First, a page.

I am still trying to wrap my brain around the history I witnessed. Placing my foot in the same imprints of so many before myself…a different lifetime ago but the same bricks line the streets and give structure to the buildings. I get overwhelmed when I get to thinking of all those eyes of history – be it kings or peasants; Joan of Arc or Hemmingway – have gazed up and saw the same cathedrals and palaces as I did during those afternoons of my 17th summer.
Brush strokes on paintings centuries old…brush strokes that haven’t changed since they were swiped onto the canvas. The same paint as witnessed by myself was the same paint touched by Leonardo da Vinci. It dazzles and boggles my brain. I can only close my eyes and shake my head. Does this just get anyone else?
Boy does it get me.
I long to return. To those same places and so many more.
The re-trip took my mind off the wet basement and the tent drying in my front yard and Christmas ornaments in my front living room and my treadmill a touch water logged. There was not a picture lost or a plane ticket destroyed from that trip…Each and every item saved from that trip 14 years ago come June, survived…some things a bit more wrinkled or wavy than before, but saved and dried and remembered and treasured once again.
While we work on cleaning up the basement and returning heat to our showers, I am tempering my nerves and anxiety and frustrations and annoyance and challenges and this whole being an adult and home ownership joy with cobbler. Stuffing my face with sweet berries and biscuits submerged in slightly thickened juices and vanilla ice cream. Always ice cream.
Plastic totes and ice cream. Always.
Thoughts of Paris don’t hurt either.
- 6 Cups Mixed Berries ( strawberries, blueberries, black raspberries)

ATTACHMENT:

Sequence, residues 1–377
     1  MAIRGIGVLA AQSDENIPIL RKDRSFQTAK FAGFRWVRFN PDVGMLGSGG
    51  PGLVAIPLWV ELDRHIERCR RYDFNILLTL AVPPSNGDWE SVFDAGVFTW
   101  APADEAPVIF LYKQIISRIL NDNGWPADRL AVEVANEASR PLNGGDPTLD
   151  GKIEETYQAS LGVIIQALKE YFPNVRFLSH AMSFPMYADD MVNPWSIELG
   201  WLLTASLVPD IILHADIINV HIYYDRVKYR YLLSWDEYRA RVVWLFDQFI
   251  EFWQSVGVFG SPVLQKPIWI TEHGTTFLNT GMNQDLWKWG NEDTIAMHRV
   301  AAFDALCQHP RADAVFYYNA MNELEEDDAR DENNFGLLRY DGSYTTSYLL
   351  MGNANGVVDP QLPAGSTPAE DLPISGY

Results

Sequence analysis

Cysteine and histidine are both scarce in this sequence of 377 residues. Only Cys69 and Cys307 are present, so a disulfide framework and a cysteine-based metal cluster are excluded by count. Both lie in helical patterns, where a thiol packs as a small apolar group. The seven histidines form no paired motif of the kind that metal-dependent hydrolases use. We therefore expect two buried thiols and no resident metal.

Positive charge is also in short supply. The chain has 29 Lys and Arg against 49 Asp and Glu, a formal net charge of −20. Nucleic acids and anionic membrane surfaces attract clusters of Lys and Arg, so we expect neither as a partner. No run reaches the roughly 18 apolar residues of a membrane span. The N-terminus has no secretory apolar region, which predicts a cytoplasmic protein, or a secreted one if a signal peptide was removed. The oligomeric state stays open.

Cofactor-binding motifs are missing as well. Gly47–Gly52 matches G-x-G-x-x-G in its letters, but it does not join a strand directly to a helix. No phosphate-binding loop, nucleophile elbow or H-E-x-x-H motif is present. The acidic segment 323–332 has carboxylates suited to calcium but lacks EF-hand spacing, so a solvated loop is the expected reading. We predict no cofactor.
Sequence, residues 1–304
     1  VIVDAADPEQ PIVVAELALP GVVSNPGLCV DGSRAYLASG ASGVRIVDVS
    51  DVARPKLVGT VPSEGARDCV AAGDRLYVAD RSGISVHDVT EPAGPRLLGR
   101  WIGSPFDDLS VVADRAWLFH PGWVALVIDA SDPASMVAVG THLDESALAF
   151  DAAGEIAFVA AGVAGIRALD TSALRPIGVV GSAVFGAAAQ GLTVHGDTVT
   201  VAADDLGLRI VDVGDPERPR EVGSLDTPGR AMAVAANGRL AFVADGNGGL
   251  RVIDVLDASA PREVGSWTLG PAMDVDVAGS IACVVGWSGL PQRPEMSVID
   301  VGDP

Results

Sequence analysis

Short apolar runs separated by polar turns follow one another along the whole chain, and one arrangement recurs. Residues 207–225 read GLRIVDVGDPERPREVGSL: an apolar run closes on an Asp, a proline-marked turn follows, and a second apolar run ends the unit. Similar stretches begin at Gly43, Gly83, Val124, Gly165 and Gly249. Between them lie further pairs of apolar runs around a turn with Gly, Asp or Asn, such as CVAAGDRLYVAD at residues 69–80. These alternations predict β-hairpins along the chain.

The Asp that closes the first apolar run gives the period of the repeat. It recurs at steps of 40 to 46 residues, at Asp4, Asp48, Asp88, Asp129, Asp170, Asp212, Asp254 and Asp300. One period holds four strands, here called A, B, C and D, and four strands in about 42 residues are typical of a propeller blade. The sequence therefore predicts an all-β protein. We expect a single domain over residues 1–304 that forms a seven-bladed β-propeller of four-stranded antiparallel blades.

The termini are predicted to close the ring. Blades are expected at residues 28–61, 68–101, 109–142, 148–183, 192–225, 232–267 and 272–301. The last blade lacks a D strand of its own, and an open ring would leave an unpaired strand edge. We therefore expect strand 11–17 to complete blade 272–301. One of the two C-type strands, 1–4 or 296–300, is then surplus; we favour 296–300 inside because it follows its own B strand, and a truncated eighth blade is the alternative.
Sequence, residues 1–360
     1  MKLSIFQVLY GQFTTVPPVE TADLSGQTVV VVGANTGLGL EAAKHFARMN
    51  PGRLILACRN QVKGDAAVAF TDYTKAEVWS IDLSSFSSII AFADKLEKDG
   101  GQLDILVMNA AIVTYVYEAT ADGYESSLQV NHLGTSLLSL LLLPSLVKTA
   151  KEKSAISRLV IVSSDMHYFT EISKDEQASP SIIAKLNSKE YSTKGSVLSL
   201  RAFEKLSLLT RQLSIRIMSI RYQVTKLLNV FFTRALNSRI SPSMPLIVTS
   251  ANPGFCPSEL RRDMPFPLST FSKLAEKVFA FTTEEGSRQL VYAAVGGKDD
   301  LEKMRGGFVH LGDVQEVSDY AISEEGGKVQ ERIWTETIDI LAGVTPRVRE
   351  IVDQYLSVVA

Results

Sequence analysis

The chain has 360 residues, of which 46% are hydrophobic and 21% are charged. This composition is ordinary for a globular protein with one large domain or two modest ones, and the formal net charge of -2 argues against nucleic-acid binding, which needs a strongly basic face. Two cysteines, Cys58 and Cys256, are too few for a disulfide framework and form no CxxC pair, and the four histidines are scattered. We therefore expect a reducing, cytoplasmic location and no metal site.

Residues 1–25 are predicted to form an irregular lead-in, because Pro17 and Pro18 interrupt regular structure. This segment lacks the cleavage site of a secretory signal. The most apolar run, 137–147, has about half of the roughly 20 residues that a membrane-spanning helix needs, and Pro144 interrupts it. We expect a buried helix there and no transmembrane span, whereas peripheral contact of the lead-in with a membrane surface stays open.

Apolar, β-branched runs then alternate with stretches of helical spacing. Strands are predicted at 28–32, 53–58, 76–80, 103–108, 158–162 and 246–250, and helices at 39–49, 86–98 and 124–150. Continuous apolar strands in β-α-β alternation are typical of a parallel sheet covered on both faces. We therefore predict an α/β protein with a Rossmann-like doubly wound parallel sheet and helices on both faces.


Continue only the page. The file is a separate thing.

- ½ Cup Brown Sugar
- 1 Tablespoon Corn Starch
- Pinch of Salt
- ⅛ Teaspoon Cinnamon
- Zest and Juice of 1 Lemon
- 1 Cup All Purpose Flour
- 2 Tablespoons Stone Ground Cornmeal
- ¼ Cup Sugar
- 2 Teaspoons Baking Powder
- ¼ Teaspoon Baking Soda
- ¼ Teaspoon Salt
- ⅓ Cup Buttermilk, well shaken
- 4 Tablespoons Butter, melted
- ½ Teaspoon Vanilla Extract
- Cinnamon and Sugar for topping
- Preheat oven to 375F.
- In a large mixing bowl, stir together brown sugar, corn starch, salt and cinnamon.
- Add the berries and toss gently to evenly coat. Add lemon juice and zest and toss to combine.
- Pour filling into a 9 inch cast iron skillet or comparable glass baking dish. ( pie plate, square pan, casserole dish, etc…) Place in preheated oven and bake until bubbling around the edges, about 25 to 30 minutes.
- While the filling is cooking, whisk together flour, cornmeal, sugar, baking powder, baking soda, and salt in a large mixing bowl. Set aside.
- Stir together buttermilk, melted butter, and vanilla in a small bowl.
- When the filling is bubbly and ready, remove from oven and set on wire rack. Increase oven temperature to 425F. Once filling is out of the oven, now is the time to stir the wet ingredients into the dry ingredients and stir until just combined and no dry ingredients remain.
- Using two spoons, place equal sized dollops of biscuit dough on top of the berry filling. Space them evenly apart without them touching. Sprinkle each dollop with cinnamon and sugar.
- Place in preheated oven and bake until filling is bubbling and the biscuits are golden brown, about 15 to 20 minutes.
- Cool cobbler on wire rack for at least 20 minutes before serving.
- Serve with ice cream or fresh whipped cream. The cobbler can be reheated by placing leftovers in 350F oven for about 10 minutes or until warm.
Do not pour the wet ingredients into the dry ingredients until the filling is out of the oven.
*Recipe adapted from Baking Illustrated
Update: Hot water is back…heating as I type this.